In the last decade, great effort has been paid to the development of next generation batteries. Metal-O2 /Air batteries (Li-, Na-, Mg-, Al-, Fe- and Zn-O2 batteries) in both aqueous and nonaqueous (aprotic) electrolytes have gained much attention. Metal-air batteries have high theoretical specific gravimetric energy. In the case of Li-O2, it is comparable to that of gasoline. Thus, Li-O2 batteries could be attractive for electric vehicle manufacturers since the energy storage capacity accessible by commercially available Li-ion technology is too low to solve increasing capacity demands. However, current Li-O2 batteries suffer from several drawbacks, e.g. dendrite formation, poor rechargeability and low capacity caused by the so-called “sudden death” at its cathode during the discharge process due to insulating discharge products. This thesis is devoted to understand the charge transport in the main reaction products of emerging nonaqueous Li- and Na-O2 batteries at the atomistic level using the Density Functional Theory (DFT) method to address the latter problem. The role of cathode-electrolyte interface on charge transport and the implication of impurities from the air, particularly the effect of CO2 poisoning, in the performance of the battery are addressed. The present work involves computational investigations of different charge transport mechanisms, i.e. ionic, coherent electron, and polaronic transport. In order to validate the outcome from DFT calculations, results are compared with relevant experiments and show a notable agreement.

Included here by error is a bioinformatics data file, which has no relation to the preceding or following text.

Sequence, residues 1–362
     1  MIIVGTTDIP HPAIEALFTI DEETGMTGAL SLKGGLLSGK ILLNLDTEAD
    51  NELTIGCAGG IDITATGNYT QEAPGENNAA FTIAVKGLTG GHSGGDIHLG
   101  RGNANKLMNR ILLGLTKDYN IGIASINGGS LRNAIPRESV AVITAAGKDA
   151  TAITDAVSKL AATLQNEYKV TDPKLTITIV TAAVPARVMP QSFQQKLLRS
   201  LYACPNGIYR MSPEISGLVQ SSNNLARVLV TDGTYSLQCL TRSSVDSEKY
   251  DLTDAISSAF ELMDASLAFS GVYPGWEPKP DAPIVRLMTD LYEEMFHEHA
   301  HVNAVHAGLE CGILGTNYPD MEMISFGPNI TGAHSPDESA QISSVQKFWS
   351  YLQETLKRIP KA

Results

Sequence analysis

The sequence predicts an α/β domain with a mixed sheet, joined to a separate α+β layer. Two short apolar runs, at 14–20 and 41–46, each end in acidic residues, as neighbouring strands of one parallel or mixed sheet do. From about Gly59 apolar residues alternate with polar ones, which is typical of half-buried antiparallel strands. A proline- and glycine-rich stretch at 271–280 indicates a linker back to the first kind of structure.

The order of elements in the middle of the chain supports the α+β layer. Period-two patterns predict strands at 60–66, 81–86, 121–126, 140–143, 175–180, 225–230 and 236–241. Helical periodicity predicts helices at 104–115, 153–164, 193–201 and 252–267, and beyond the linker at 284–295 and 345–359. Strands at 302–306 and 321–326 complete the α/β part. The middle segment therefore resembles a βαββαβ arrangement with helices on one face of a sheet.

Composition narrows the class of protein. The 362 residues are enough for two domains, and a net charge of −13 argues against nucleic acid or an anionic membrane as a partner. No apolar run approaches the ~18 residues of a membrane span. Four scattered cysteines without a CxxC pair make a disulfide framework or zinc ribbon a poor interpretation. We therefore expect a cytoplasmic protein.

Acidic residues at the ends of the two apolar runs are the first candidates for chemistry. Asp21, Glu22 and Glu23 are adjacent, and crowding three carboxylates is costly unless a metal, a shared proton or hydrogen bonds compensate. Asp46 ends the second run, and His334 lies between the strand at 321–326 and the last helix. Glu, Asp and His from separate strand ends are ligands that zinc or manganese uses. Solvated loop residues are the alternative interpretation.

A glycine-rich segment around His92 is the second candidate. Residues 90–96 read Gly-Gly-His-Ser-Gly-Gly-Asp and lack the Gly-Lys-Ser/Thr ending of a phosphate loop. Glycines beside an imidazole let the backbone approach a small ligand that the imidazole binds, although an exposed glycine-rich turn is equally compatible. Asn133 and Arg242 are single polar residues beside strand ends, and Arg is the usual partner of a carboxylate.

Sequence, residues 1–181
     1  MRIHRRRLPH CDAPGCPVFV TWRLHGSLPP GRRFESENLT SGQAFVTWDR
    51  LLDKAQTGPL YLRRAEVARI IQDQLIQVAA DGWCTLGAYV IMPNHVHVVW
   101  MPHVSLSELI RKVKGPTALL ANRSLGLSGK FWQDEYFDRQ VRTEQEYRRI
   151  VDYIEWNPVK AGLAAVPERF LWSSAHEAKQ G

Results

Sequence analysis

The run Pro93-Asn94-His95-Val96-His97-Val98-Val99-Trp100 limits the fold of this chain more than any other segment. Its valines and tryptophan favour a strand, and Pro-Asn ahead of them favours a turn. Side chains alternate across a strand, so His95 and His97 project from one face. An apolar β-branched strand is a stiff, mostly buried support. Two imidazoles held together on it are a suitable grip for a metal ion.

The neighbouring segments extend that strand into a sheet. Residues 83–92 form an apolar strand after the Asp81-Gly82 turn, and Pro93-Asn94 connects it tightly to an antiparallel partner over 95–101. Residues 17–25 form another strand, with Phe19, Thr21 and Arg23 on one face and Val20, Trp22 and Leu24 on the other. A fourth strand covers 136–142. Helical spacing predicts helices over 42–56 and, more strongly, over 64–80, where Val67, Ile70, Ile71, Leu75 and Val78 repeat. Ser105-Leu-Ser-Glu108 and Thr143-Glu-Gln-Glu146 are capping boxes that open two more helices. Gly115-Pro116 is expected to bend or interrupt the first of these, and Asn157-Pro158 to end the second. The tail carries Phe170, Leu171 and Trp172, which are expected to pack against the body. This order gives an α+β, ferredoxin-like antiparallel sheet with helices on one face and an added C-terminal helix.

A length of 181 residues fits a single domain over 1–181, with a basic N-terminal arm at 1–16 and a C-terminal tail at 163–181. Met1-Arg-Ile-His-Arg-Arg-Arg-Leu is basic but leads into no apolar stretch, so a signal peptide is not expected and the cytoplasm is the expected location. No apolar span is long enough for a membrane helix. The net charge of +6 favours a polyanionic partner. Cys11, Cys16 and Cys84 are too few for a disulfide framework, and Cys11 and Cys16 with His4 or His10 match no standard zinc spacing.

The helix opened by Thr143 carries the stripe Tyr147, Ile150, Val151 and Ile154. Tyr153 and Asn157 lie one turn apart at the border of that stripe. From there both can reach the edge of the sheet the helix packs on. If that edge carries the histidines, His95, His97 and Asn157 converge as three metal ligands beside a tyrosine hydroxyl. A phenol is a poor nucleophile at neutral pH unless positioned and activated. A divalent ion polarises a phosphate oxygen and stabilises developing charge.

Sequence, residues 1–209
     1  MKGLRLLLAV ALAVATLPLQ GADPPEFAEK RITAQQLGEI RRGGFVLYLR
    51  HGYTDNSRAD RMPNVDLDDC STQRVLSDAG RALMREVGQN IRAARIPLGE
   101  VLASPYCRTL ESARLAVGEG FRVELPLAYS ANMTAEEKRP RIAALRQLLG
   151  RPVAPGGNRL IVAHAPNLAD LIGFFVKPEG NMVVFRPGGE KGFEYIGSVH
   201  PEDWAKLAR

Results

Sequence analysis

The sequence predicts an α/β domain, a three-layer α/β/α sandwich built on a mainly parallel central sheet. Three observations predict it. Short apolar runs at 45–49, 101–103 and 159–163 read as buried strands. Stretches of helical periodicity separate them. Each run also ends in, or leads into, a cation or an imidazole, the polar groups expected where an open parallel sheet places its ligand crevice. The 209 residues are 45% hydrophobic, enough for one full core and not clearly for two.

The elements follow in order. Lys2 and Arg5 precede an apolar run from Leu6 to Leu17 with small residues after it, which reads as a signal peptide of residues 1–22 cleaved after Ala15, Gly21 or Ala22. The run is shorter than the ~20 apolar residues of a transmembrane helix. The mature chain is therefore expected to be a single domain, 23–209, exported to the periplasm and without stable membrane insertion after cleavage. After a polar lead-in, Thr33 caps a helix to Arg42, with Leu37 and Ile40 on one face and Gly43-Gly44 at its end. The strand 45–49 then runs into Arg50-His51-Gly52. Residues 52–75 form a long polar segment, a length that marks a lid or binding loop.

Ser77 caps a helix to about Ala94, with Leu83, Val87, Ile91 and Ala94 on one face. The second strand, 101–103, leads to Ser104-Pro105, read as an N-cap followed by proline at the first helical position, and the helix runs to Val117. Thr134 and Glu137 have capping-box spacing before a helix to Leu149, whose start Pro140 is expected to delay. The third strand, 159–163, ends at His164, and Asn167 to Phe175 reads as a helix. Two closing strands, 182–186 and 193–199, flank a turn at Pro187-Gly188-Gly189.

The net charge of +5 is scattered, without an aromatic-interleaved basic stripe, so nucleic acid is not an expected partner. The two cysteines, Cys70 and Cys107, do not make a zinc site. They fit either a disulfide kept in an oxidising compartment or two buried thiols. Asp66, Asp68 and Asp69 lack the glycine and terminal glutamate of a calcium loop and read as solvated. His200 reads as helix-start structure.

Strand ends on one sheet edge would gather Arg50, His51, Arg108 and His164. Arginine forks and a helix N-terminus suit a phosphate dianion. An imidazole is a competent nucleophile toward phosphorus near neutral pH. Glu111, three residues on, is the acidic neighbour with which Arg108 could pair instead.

The results of charge transport calculations in bulk Li2O2 (main discharge product in Li-O2 batteries) revealed that though it is a wide bandgap insulator (4.96 eV) it could offer fast ionic conduction with an activation barrier of 0.40 eV. Similarly, an accessible energy barrier for sodium ion diffusion is obtained in Na2O2 and in NaO2 (main discharge products in Na-O2 batteries). The transport mechanisms at the cathode-electrolyte interfaces, i.e. Li2O2@Li2CO3 interface, are also examined. Lithium vacancies accumulate at the peroxide side of this interface, reducing the coherent electron transport by two to three orders of magnitude compared to bulk pristine Li2O2. In contrast, the Li2O2@Li2CO3 interface shows an improved ionic conduction. For polaronic transport significant differences are also found in these two scenarios. In bulk Li2O2 the polaronic transport at room temperature is restricted to hole polarons, whereas electron polarons display very high hopping barriers (> 1.0 eV). By contrast, it is possible to have good mobilities for electron polarons at the Li2O2@Li2CO3 interface. Finally, our studies on the reaction mechanism of Li2O2 revealed that the CO2 poisoning, even at low concentrations of CO2 effectively blocks the step nucleation site and remarkably increases overpotentials and decreases the capacity of the battery.